“No profile is better than a dead or inactive profile.”

This is something I tell anyone that asks me about online platforms where sharing content is essential. I often talk about digital shaming and how many business owners and professionals are shamed into creating accounts on different online platforms. You know how those conversations go:

“Hey, what’s your Twitter name?”

“I don’t have Twitter.”

“What?! You don’t have Twitter? How are you doing business if you’re not on Twitter?”

Then you go and create a Twitter account because you are serious about doing business and want people to take you seriously. But after posting consistently for a few months, you begin to neglect your Twitter account. Then, one day, you login to Twitter and realize you haven’t posted in a year.

What do you do next?

Here’s where it’s important to stop and take a minute to think. Before you do anything, ask yourself these questions:

  1. Why haven’t I posted in so long?
  2. Is my audience on Twitter (or which ever social media platform you’re dealing with)?
  3. Will being on this platform help me reach my current business goals?

It’s important to be honest with yourself about the benefits of any communication tool you use for your business. Just because there’s a platform out there, doesn’t mean you have to use it for your business.

But, I see so many people really making a lot of money using <insert social media platform>. I don’t want to miss the opportunity.

The thing is, those people who are killing it on various social media platforms. You have businesses doing amazing thing with blogs, Periscope, Facebook, Pinterest and Youtube. But you know why they’re killing it?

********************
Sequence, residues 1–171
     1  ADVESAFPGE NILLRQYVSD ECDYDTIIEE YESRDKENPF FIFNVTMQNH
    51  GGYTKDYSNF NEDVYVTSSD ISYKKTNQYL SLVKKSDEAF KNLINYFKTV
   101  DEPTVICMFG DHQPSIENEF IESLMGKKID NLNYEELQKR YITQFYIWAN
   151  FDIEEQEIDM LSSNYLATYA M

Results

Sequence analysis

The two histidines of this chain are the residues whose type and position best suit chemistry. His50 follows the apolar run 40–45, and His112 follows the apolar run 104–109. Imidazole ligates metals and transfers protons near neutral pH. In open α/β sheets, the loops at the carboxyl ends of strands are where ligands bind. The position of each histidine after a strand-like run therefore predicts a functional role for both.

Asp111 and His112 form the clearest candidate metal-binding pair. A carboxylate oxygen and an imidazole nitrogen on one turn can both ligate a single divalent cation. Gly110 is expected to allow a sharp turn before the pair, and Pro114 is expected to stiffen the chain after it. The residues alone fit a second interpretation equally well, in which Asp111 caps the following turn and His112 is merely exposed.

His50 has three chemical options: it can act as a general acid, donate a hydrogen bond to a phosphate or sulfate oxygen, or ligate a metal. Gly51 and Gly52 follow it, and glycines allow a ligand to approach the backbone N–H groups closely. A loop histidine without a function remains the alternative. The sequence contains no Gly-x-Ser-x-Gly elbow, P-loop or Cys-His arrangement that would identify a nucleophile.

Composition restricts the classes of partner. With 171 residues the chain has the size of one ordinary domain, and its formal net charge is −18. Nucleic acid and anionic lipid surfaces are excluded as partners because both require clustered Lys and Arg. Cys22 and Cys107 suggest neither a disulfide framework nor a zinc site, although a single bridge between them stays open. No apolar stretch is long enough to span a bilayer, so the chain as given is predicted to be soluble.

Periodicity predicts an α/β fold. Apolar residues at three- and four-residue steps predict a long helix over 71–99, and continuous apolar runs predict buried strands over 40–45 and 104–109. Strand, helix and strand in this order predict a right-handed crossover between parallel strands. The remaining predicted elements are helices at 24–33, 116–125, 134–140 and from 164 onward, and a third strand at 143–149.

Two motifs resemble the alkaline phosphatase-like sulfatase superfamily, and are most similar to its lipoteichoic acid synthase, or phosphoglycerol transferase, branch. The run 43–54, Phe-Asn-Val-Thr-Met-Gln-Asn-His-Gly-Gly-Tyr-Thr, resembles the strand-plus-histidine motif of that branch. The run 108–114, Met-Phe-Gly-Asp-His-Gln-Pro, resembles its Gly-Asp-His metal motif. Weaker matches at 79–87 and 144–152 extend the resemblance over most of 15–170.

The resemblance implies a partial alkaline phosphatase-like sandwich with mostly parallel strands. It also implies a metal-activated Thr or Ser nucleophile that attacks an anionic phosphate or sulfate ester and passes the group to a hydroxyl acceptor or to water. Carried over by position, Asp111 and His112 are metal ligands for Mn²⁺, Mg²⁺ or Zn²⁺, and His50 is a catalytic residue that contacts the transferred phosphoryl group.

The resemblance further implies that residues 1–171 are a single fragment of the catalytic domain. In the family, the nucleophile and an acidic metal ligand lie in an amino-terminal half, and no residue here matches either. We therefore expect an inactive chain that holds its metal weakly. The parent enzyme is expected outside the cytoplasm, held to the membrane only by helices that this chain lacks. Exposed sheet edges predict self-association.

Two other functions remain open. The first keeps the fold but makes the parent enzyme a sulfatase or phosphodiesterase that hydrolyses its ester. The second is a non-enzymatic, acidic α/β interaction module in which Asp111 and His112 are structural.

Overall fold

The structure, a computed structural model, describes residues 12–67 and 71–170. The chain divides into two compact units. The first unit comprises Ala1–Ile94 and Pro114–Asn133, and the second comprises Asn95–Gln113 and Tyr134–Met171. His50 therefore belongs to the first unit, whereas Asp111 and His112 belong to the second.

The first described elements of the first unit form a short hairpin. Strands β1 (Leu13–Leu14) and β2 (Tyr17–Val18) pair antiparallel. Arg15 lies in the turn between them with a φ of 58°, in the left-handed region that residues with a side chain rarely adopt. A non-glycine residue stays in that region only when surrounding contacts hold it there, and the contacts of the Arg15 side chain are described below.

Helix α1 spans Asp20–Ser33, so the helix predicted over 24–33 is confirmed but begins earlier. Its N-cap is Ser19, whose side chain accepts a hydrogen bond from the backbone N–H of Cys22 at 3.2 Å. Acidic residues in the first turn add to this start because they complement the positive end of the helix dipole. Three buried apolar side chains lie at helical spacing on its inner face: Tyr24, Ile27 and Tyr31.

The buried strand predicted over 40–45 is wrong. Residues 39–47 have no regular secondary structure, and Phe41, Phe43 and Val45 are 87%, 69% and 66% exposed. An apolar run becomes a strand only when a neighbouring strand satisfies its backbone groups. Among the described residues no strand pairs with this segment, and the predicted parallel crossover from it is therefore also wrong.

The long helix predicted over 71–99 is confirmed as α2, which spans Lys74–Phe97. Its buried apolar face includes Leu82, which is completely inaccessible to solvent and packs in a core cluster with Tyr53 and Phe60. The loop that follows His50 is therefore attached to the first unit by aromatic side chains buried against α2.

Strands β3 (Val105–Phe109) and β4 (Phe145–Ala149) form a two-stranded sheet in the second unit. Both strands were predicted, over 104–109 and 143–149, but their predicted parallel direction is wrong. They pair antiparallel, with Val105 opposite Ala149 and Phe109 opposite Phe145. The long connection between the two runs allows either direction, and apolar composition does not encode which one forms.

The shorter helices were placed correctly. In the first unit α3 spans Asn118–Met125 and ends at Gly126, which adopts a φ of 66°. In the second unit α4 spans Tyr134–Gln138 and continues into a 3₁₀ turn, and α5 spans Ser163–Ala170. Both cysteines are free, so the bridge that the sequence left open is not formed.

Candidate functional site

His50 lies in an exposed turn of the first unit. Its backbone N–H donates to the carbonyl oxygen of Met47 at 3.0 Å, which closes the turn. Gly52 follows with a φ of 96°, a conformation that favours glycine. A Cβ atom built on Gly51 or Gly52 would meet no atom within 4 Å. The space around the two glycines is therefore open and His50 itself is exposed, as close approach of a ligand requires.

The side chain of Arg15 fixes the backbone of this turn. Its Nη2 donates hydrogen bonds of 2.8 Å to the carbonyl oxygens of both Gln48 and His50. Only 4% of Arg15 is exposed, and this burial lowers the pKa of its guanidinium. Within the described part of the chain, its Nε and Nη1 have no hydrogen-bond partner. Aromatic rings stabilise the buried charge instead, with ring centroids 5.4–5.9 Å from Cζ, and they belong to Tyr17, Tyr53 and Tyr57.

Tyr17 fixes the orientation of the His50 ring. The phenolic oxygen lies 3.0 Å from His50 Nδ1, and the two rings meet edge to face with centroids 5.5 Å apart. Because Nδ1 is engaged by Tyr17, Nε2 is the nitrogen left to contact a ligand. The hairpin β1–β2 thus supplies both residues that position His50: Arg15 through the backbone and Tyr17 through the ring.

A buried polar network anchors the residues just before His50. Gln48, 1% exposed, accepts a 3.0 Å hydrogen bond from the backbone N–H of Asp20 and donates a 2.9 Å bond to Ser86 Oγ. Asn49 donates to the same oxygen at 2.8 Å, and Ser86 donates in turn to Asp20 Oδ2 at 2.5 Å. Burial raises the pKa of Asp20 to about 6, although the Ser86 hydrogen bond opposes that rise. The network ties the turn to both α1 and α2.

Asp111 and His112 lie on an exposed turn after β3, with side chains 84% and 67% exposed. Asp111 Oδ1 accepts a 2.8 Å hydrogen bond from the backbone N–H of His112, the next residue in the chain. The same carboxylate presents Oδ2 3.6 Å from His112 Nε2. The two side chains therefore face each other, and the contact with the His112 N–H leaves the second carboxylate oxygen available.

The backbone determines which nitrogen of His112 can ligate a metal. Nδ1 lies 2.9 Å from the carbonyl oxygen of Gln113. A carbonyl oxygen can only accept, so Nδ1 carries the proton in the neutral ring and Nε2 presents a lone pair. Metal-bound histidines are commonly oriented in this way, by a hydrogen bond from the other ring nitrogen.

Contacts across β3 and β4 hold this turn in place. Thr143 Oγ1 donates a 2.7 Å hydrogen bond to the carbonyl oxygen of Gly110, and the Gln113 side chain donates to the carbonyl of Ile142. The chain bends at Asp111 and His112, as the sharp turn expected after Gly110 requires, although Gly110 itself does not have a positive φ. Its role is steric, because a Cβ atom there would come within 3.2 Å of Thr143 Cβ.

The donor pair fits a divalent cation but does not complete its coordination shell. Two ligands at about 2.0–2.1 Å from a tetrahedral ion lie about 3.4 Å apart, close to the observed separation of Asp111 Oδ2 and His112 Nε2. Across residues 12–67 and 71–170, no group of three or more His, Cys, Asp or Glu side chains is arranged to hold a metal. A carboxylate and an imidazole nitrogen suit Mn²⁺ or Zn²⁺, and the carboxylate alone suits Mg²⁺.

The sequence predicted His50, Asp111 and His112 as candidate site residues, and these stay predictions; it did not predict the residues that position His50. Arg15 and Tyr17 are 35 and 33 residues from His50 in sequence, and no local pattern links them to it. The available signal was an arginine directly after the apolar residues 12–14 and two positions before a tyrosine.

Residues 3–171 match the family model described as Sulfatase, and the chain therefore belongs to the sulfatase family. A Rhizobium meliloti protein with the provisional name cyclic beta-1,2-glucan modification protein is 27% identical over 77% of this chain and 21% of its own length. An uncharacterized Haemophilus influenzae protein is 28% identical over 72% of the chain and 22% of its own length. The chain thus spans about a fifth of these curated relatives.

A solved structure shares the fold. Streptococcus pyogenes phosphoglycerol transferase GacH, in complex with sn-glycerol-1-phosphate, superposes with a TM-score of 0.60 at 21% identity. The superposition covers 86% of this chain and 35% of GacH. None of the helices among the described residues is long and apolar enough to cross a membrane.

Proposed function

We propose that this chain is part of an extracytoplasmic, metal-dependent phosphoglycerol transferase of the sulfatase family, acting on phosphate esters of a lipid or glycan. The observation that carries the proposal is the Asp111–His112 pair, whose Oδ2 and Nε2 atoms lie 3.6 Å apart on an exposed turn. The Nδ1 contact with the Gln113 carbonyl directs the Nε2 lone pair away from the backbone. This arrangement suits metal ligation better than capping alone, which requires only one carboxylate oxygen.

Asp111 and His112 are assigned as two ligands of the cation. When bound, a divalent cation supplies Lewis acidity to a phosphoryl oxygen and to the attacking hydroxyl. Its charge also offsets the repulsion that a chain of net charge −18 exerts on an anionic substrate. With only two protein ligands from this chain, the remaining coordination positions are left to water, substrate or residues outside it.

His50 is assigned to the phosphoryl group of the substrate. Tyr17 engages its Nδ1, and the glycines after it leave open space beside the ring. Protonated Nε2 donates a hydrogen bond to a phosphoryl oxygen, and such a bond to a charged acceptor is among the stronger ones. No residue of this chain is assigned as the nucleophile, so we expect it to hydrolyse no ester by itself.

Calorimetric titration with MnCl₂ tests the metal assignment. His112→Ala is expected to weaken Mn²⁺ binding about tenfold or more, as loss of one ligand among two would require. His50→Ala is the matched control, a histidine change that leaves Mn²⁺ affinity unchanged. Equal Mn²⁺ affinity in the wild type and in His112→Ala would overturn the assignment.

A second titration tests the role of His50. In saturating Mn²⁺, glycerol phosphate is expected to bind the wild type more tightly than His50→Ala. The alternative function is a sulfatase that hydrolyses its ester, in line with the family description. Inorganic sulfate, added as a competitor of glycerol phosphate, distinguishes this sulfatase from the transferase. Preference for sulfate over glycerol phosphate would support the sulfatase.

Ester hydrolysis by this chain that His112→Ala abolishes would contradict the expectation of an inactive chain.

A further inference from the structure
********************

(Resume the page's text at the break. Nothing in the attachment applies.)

Because they are putting time, resources and energy into killing it.

If you aren’t willing to or able to put time into <insert social media platform>, you won’t be killing it. You will have a dead platform out in the digital universe with your company name on it. When someone attempts to do research on your business, they may come across that platform and make a snap judgement about you that could cause you to lose a potential customer. Or they may see a dead platform and think that your business no longer exists.

Well why wouldn’t they just look for my website?

They may look for your website, but they may not. You don’t want to risk losing a client because their first impression of your business is based on a dead or inactive online profile. And you shouldn’t expect people to be so invested in your business initially that they will do more than a minute of research about it.

Many people are skimmers of online information. Don’t make them work to find your business and give you their money.

So when you take some time to take stock of your online platforms and do a social media content audit (which you should be doing at lease twice a year), pay close attention to those platforms that you don’t use regularly. And by regularly, I mean having posted within the last six months.

When you’re paying attention to these platforms, here are some questions you should be asking yourself (including the ones from above):

  1. Why haven’t I posted in so long? (Be really honest here)
  2. Is my audience on Twitter (or which ever social media platform you’re dealing with)?
  3. Will being on this platform help me reach my current business goals?
  4. Am I willing and able to take the time to create a strategy for this platform?
  5. What resources and processes do I need to put in place to really leverage this platform for my business?

Don’t just ask yourself these questions in your head. Take some time and write it down. If you are working someone who’s managing your social media, set up a planning meeting and get these answers on paper. The last question is the most important. Don’t skip this part. It’s invaluable.